McCleskey v. Kemp
McCleskey v. Kemp
481 U.S. 279 (1987)
Facts and Procedural History:
Petitioner, a black man, was convicted in a Georgia trial court of armed robbery and murder, arising from the killing of a white police officer during the robbery of a store. His habeas corpus petition to the federal District Court included a claim that the Georgia capital sentencing process was administered in a racially discriminatory manner in violation of the Eighth and Fourteenth Amendments. In support of the claim, petitioner proffered a statistical study (the Baldus study) that purports to show a disparity in the imposition of the death sentence in Georgia based on the murder victim's race and, to a lesser extent, the defendant's race. The study is based on over 2,000 murder cases that occurred in Georgia during the 1970's, and involves data relating to the victim's race, the defendant's race, and the various combinations of such persons' races. The study indicates that black defendants who killed white victims have the greatest likelihood of receiving the death penalty. The court denied his petition: it assumed the validity of the Baldus study but found the statistics insufficient to demonstrate unconstitutional discrimination or to show irrationality, arbitrariness, and capriciousness under Eighth Amendment analysis.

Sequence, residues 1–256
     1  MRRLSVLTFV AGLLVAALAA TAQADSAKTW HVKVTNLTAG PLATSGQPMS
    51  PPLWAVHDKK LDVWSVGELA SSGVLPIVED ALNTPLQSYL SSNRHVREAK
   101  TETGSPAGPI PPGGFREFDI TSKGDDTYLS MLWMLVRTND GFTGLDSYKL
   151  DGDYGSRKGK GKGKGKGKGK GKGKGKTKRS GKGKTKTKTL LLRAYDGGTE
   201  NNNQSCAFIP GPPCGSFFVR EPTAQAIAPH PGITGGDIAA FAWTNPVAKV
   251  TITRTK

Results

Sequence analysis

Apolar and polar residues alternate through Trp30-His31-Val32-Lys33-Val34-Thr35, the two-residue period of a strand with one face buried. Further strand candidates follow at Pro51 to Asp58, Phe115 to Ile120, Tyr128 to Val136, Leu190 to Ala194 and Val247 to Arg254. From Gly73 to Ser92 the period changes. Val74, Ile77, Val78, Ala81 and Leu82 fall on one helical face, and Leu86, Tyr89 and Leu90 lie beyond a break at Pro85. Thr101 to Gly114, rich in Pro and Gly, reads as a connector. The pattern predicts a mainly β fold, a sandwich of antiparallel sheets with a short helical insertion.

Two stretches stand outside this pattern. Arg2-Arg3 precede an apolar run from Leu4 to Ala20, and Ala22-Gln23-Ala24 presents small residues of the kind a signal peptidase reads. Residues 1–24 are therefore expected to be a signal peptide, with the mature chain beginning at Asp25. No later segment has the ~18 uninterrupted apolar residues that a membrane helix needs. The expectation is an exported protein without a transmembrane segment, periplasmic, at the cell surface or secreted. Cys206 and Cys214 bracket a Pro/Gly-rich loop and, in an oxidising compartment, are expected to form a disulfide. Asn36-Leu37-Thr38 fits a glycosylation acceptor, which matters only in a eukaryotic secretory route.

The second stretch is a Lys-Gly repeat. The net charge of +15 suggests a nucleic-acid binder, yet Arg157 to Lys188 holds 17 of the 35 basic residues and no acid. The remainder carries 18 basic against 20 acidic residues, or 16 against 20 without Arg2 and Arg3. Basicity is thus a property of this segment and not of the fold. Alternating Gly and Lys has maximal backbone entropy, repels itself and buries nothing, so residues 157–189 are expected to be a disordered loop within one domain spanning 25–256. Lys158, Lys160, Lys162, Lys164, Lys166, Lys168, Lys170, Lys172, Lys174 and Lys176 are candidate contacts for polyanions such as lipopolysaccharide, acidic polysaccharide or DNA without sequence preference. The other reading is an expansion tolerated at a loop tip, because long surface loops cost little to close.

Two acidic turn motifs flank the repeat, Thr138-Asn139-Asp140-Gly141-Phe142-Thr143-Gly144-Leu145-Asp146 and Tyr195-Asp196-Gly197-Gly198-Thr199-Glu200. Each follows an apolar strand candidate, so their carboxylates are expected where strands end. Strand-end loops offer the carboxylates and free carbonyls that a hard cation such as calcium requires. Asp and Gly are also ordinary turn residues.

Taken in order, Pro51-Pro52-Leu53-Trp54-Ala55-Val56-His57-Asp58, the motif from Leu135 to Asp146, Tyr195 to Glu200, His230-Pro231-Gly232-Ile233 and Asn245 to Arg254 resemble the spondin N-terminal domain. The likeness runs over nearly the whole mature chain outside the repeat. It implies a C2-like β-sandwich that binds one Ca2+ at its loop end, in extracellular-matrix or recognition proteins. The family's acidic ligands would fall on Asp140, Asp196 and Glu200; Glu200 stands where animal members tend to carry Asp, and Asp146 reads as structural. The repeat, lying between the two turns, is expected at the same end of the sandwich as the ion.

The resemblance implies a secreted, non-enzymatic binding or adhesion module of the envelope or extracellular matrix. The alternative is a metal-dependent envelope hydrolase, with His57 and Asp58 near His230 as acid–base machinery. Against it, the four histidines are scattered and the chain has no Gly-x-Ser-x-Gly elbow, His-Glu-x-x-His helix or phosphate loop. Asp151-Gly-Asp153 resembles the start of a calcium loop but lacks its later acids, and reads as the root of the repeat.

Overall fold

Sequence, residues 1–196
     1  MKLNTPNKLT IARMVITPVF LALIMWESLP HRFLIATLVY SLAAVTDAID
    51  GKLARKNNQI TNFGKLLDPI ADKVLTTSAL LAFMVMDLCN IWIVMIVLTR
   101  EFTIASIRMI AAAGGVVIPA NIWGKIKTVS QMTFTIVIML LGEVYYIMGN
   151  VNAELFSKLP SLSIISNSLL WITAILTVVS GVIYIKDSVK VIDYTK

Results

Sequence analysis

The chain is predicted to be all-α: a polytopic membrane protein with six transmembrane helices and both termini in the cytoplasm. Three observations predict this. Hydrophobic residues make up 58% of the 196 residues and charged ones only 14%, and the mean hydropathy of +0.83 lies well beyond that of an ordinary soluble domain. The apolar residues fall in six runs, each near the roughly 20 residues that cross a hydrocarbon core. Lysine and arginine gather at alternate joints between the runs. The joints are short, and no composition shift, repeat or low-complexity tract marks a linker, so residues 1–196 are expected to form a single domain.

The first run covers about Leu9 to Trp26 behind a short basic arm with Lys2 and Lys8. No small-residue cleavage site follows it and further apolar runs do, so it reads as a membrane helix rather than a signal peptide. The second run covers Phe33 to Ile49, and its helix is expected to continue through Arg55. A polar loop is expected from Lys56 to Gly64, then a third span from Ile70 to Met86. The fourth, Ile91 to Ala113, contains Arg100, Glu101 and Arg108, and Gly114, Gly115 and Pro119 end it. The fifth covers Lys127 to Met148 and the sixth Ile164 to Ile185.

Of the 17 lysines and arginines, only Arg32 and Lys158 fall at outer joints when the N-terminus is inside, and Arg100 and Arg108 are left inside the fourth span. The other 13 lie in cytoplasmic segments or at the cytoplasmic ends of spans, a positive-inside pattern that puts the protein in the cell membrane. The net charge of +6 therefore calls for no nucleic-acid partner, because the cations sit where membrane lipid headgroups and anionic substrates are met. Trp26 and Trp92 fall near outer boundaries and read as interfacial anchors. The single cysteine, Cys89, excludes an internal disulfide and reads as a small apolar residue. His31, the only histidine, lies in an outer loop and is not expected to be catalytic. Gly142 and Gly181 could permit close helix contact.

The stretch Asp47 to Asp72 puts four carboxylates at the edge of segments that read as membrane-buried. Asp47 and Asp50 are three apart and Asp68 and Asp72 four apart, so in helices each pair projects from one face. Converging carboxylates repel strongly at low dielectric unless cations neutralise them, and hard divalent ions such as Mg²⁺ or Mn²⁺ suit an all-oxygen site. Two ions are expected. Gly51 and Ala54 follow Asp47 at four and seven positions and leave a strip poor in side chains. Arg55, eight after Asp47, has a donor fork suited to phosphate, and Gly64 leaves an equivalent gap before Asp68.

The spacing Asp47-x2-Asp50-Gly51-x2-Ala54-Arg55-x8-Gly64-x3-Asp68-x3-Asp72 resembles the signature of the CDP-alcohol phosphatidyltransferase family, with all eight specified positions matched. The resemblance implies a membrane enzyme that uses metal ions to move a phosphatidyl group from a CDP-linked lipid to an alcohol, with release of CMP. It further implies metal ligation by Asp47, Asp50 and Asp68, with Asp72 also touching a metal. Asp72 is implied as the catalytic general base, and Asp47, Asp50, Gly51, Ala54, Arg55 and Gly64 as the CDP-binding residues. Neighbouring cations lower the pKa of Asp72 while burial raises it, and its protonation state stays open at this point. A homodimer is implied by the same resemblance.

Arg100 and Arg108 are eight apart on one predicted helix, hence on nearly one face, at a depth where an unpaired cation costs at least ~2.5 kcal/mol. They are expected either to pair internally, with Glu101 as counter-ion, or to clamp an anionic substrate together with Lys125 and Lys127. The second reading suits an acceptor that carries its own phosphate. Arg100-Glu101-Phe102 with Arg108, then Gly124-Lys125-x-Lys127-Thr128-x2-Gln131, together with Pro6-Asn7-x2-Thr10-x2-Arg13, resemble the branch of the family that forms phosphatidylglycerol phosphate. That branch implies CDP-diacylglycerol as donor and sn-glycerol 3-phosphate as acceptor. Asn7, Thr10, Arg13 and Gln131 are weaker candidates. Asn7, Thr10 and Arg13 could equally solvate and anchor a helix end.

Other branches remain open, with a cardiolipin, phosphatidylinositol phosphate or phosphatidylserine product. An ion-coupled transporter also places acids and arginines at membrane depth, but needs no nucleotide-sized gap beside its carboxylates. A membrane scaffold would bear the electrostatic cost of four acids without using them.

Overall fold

Issue Presented to the Court:
Does a complex statistical study that indicates a risk that racial considerations enter into capital sentencing determinations prove that petitioner's capital sentence is unconstitutional under the Eighth or Fourteenth Amendment?
Outcome of the Case:
The Baldus study does not demonstrate that the Georgia capital sentencing system violates the Eighth Amendment. Petitioner failed to establish that the sentence in his case is disproportionate to the sentences in other murder cases. Since petitioner's sentence was imposed under Georgia sentencing procedures that focus discretion “on the particularized nature of the crime and the particularized characteristics of the individual defendant,” it may be presumed that his death sentence was not “wantonly and freakishly” imposed, and thus that the sentence is not disproportionate within any recognized meaning under the Eighth Amendment.
The Baldus study does not establish that the administration of the Georgia capital punishment system violates the Fourteenth Amendment. Although the Court has accepted statistics as proof of intent to discriminate in the context of a State's jury selection, petitioner failed to prove that the decisionmakers in his case acted with discriminatory purpose.